Michael Keaton almost missed his Screen Actors Guild award because he was in the bathroom

PHOTO: Facebook/Michael Keaton

Michael Keaton was in the toilets when he was announced as a SAG (Screen Actors Guild) Award winner on Sunday night (Feb 27).

The 70-year-old actor was honoured with the Outstanding Performance by a Male Actor in a Television Movie or Limited Series honour for his role in Dopesick as doctor Samuel Finnix, but he kept presenter Salma Hayek, 55, waiting as he nipped to the bathroom.

The House of Gucci actress announced: "And the award goes to Michael Keaton, Dopesick."

The audience continued clapping as they waited for the actor to rush up on stage.

Salma quipped: "Are you kidding me? I have stage fright. Come on Michael! Come on Michael!"

Michael then blamed the delay on the busy men's room.

He began his speech: "Thank you very much.

"Sorry! Quick trip to the men's room. It was packed, by the way. This is so nice, thank you very much. Really, I'm truly grateful."

The Spotlight star later fought back tears as he dedicated his award to his late nephew, who passed away following an overdose in 2016.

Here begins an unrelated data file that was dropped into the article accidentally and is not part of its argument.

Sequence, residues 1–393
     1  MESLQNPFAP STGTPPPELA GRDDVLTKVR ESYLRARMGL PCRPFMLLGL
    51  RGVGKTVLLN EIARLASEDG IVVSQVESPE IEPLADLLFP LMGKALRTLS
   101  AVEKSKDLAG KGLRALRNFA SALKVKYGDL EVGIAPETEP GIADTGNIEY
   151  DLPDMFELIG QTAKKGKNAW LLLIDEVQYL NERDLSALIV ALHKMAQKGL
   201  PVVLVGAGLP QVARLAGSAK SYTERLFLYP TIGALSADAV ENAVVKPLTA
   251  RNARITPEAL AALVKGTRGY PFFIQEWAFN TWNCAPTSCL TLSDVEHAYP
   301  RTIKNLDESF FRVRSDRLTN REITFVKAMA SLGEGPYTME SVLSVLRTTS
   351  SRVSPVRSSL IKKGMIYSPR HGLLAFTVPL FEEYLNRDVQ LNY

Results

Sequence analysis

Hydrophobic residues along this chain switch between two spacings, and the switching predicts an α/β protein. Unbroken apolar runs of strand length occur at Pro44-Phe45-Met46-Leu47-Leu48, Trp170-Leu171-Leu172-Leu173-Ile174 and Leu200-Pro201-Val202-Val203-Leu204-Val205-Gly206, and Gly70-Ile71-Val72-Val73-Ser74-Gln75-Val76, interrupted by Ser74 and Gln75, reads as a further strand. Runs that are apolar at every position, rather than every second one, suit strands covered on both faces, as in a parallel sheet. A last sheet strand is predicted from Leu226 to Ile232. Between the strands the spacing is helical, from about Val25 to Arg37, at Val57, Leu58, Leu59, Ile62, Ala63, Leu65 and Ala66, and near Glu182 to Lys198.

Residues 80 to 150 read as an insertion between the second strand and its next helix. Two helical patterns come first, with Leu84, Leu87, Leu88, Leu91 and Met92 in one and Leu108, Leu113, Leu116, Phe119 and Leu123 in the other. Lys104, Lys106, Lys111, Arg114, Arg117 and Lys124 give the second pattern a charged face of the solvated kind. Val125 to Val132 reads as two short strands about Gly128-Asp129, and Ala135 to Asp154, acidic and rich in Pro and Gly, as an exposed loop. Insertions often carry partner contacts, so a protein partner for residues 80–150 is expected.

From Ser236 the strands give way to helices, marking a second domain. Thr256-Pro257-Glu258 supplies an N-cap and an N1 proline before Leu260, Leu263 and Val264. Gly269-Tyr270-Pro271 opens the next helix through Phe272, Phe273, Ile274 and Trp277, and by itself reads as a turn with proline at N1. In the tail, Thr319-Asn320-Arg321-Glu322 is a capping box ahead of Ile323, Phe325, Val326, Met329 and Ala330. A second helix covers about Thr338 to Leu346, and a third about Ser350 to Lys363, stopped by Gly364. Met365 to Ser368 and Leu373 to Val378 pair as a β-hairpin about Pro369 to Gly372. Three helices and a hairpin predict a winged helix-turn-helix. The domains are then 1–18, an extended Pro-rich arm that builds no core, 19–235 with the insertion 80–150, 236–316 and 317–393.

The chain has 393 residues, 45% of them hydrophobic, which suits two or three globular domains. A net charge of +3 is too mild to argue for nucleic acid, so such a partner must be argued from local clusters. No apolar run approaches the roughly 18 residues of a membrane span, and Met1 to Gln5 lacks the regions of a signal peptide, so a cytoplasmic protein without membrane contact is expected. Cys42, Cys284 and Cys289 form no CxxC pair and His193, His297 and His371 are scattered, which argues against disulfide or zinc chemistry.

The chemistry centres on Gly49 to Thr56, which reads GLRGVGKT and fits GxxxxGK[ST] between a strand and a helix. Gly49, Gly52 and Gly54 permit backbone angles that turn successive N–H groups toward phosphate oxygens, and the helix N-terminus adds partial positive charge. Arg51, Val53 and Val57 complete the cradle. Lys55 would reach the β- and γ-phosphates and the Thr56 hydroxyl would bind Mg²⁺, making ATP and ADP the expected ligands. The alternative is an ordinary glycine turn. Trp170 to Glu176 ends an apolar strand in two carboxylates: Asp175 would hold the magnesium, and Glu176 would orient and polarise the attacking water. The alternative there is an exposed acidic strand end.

He said: "I've sent my pre-emptive thanks for everyone involved in this, but mostly… given the subject matter, this is for my nephew Michael and my sister, Pam.

"I lost my nephew Michael to drugs and it hurts."

Earlier in his speech, Michael expressed his gratitude for the platform he has and how shows such as Dopesick can instigate change.

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He told the audience at Santa Monica's Barker Hangar: "There's an argument to be made that a night like tonight is self-serving, narcissistic, it's legitimate argument, that said, I will tell you and I speak for myself, I am so fortunate. We could spend a week here talking about how fortunate I am and I know you'd love that - who doesn't want to listen to Mike ramble on for a few hours?

"I have a job where I can be part of a production like Dopesick that actually has brought conversation, actual change. Who gets to have that job? How fortunate am I that good can come of something I do just because I wanted to become an actor.

"There's a mass of inequity in the world.

"In Dopesick, when you talk about addiction, the way to heal the problem is to accept you have a problem. Not our world, the entire world - economically, racially, socially, financially, there's massive inequity in the world.

"There's fair and unfair and not a lot of room in between.

"I can feel right now the rolling thunder of eye roll coming across, people saying things like, 'Shut up and act'. The acting I'll quit, the shutting up not so much.

"I am blessed to be able to do something that might improve someone's life, I'm the most fortunate person."